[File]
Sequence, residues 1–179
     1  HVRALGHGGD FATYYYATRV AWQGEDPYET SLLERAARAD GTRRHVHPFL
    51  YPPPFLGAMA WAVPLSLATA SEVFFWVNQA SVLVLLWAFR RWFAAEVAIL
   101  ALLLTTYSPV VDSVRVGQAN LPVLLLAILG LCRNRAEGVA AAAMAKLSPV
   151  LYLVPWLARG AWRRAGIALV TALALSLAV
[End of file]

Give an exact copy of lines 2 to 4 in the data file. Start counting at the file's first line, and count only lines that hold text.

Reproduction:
     1  HVRALGHGGD FATYYYATRV AWQGEDPYET SLLERAARAD GTRRHVHPFL
    51  YPPPFLGAMA WAVPLSLATA SEVFFWVNQA SVLVLLWAFR RWFAAEVAIL
   101  ALLLTTYSPV VDSVRVGQAN LPVLLLAILG LCRNRAEGVA AAAMAKLSPV